in the rearing, transfer and feeding strategy
when beak trimming was banned in alternative
housing systems. This was a mistake!
In the first years following the ban,
we faced many challenges in managing
non-debeaked hens. Many flocks became
stressed from the beginning of lay and
started feather pecking. This often led to
higher mortality, lower egg numbers, increased
feed consumption and poor egg
quality due to the lack of feathers.
Fig 3 Pictures of some of the first flocks
after the beak trimming ban showing
stressed and feather pecked hens
Figure 2. Example of efficiency data from an organic flock
Experiences from Sweden and organic
farming and in Denmark
Experience from organic egg production
in Denmark and from barn production in
Sweden on good management of alternative
flocks with non-debeaked hens has
clarified important management tools.
Lots of work and a focus on management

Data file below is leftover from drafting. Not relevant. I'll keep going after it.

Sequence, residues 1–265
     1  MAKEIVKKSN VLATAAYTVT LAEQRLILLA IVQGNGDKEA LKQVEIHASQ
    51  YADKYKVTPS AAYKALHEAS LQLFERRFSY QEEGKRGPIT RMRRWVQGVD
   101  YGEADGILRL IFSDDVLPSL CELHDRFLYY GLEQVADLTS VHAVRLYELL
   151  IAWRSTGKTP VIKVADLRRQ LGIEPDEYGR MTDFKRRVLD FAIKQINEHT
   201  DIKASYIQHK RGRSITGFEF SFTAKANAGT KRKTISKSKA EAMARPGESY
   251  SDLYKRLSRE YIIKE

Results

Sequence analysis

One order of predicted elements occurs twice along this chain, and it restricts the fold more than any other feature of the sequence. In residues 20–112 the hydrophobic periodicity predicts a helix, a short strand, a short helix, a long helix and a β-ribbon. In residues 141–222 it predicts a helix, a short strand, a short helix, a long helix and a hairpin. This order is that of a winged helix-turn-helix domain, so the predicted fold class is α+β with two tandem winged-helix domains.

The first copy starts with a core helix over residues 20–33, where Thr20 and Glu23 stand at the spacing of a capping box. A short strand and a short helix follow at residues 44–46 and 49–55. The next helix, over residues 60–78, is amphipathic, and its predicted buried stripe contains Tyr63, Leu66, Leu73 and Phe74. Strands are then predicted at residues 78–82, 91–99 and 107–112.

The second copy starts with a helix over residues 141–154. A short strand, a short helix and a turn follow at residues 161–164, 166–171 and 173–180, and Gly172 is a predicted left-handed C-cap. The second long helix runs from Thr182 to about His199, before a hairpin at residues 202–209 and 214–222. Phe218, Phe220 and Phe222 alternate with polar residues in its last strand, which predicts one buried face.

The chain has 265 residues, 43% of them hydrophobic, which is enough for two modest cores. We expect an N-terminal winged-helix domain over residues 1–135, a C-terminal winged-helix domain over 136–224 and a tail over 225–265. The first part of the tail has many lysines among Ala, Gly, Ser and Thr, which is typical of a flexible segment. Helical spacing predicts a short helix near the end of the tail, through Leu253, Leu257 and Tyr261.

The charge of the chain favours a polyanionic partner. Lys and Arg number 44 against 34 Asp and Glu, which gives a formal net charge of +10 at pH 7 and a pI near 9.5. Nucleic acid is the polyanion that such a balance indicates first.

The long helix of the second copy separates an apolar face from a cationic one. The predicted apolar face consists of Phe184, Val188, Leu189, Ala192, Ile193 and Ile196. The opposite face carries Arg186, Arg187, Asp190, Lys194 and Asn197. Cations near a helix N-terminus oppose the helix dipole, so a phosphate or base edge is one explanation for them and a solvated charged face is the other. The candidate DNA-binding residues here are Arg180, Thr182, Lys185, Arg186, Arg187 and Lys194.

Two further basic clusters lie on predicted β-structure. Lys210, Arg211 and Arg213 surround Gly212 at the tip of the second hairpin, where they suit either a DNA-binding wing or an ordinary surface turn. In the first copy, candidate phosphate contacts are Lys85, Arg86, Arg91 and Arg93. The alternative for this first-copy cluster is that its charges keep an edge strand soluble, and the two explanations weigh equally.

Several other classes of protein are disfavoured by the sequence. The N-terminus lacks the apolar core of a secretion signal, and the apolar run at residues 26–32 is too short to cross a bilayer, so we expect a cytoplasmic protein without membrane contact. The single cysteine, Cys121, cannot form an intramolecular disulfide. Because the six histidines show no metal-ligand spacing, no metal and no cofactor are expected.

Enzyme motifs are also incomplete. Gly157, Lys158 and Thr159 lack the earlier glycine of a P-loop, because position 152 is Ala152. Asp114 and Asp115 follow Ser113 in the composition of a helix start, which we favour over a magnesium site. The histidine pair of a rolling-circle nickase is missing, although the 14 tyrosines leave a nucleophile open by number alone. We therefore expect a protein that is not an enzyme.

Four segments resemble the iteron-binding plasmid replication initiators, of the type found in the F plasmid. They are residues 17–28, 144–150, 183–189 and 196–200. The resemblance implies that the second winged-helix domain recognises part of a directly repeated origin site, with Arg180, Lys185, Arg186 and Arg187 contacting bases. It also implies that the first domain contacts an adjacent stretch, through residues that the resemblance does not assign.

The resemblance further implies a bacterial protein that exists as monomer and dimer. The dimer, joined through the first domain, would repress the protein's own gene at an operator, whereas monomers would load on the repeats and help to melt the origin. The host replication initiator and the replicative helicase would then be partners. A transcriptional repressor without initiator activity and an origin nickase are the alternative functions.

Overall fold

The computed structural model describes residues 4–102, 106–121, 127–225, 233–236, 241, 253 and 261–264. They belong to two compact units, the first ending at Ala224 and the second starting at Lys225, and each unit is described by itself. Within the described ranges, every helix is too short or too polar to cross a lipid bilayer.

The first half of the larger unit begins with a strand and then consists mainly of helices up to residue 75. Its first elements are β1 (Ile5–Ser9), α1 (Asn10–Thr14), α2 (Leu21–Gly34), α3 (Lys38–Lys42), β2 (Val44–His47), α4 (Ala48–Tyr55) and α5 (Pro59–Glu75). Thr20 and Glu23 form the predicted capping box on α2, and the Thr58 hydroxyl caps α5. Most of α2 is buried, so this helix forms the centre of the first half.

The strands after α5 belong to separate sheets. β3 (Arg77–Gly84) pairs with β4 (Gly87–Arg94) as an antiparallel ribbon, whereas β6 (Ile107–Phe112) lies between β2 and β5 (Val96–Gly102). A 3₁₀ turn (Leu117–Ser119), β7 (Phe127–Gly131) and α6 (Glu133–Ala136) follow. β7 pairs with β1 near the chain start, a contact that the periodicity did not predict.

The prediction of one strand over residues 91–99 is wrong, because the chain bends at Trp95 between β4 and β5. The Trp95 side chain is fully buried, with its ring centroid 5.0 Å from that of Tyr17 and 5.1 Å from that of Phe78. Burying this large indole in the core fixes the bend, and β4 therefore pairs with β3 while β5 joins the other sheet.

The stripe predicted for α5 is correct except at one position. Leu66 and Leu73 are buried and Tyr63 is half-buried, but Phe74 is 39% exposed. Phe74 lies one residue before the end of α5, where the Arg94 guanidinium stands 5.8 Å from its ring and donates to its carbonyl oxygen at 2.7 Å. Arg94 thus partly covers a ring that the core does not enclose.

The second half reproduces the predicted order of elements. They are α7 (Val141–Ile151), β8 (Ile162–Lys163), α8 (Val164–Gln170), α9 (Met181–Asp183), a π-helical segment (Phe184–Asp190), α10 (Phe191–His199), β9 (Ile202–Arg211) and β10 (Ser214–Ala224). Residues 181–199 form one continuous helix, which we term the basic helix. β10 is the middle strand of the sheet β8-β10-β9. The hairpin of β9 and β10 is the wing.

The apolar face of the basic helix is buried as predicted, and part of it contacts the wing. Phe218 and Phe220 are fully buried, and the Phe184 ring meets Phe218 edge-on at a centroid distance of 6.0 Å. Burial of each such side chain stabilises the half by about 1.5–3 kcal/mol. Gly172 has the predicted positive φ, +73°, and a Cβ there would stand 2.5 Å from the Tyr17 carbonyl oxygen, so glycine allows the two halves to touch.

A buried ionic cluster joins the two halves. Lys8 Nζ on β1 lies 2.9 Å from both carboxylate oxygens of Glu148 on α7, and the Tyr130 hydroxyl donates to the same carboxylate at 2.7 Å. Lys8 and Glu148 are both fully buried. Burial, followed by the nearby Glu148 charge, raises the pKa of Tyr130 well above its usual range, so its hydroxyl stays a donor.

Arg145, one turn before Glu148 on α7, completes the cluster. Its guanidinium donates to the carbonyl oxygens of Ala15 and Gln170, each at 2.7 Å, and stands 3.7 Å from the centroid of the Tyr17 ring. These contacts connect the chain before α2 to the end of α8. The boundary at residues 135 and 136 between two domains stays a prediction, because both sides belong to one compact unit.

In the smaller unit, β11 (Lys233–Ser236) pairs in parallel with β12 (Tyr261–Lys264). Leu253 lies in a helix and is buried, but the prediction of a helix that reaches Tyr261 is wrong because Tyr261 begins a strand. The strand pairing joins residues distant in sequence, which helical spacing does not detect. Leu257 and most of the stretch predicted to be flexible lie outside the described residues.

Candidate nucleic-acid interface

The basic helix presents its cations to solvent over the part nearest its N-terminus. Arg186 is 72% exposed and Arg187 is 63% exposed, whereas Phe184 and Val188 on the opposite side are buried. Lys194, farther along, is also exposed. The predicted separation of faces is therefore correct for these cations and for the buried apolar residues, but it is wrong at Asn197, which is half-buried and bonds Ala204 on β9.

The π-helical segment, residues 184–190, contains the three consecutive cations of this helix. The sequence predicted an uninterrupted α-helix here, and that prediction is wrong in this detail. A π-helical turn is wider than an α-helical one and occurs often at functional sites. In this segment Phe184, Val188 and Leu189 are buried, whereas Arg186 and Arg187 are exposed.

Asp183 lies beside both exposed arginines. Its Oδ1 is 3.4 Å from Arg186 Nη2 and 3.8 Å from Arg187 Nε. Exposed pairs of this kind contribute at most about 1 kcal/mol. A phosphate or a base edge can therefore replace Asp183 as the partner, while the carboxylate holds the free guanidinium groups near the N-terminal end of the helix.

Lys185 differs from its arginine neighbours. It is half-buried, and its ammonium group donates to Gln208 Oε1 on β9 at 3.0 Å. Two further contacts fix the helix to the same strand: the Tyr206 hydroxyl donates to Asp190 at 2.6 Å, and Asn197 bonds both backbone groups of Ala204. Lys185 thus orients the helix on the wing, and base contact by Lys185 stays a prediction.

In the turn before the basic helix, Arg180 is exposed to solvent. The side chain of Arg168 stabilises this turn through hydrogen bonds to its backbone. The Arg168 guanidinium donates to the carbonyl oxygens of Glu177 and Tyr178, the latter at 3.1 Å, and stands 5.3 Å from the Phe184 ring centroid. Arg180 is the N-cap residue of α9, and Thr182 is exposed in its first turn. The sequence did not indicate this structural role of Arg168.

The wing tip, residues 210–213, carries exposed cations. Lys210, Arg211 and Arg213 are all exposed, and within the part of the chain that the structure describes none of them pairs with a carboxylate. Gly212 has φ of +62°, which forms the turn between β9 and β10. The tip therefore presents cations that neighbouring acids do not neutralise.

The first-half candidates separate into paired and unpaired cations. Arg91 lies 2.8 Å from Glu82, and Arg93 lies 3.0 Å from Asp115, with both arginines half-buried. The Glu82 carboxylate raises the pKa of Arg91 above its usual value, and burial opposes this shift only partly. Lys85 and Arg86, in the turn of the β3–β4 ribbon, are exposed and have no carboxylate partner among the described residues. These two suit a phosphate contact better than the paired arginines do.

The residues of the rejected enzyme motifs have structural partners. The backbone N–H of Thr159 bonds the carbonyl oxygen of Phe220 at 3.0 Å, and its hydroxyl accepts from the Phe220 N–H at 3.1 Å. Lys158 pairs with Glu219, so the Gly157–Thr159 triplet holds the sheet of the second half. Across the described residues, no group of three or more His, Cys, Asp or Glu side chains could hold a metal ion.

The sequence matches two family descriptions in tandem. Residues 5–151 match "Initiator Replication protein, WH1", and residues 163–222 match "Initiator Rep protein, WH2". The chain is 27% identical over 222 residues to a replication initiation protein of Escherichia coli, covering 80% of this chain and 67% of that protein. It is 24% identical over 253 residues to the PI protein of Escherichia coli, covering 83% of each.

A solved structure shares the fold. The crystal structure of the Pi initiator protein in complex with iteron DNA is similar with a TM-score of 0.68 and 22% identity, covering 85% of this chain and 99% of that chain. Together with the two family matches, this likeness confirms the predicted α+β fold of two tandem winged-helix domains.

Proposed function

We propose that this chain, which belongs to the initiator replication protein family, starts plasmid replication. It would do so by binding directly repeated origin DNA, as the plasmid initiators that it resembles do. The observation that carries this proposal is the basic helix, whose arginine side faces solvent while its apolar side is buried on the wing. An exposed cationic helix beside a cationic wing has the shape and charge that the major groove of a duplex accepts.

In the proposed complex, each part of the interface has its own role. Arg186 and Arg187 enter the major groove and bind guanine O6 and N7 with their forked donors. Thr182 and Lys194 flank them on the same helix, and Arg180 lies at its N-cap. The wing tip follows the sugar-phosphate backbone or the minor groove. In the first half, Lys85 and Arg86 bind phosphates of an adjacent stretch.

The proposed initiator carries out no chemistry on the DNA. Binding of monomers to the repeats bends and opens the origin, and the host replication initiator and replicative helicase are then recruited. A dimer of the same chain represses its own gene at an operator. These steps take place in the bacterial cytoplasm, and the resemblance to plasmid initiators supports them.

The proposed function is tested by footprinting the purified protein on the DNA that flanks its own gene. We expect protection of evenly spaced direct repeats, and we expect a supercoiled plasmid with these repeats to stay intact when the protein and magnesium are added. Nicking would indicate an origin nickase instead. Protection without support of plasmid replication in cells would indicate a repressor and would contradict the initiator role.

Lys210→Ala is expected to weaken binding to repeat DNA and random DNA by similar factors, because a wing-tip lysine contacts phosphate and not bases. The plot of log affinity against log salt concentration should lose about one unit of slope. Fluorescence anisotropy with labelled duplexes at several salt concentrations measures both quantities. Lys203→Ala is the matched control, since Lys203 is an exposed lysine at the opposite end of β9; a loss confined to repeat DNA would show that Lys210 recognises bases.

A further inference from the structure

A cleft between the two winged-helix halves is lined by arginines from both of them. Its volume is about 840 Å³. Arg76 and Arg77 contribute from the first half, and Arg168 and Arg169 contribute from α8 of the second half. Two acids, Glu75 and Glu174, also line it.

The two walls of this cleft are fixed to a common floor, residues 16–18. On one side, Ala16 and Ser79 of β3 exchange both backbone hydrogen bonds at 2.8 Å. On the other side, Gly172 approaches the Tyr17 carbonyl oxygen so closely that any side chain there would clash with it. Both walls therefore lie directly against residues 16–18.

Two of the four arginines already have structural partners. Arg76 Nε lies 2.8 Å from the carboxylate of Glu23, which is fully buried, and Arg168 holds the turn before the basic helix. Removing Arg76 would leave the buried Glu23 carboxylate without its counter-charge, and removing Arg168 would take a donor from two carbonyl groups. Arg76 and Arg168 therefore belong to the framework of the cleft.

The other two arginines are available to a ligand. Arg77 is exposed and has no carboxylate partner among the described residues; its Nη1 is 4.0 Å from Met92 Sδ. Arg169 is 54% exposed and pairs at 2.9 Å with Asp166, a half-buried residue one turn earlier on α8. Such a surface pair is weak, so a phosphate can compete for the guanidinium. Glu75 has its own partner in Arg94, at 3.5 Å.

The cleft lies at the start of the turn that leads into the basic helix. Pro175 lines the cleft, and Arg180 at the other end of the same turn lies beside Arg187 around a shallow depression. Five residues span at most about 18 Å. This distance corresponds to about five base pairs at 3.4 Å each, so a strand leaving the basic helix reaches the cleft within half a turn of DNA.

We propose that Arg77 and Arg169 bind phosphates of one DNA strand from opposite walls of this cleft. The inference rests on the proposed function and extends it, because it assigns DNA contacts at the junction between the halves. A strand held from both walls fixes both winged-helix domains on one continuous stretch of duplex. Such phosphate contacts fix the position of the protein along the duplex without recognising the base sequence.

factors during the last few years have
made things better, but there is still room
Some important key factors on how
to manage a flock – whether it is an organic
flock or a barn or free-range production
system seem to be clear. In general,
one can claim that compared with cage
housing systems, free roaming hens need
a quick response in management!
Important key factors for success in
One of the most important key factors
(some will claim that it is the most important!)
is rearing process, and thereby, the
quality of the pullets! Quality means that
the pullets should have been reared under
the same conditions as in the laying
house – they should be well developed
and trained to jump and grip the perches
and should have learned to sleep in the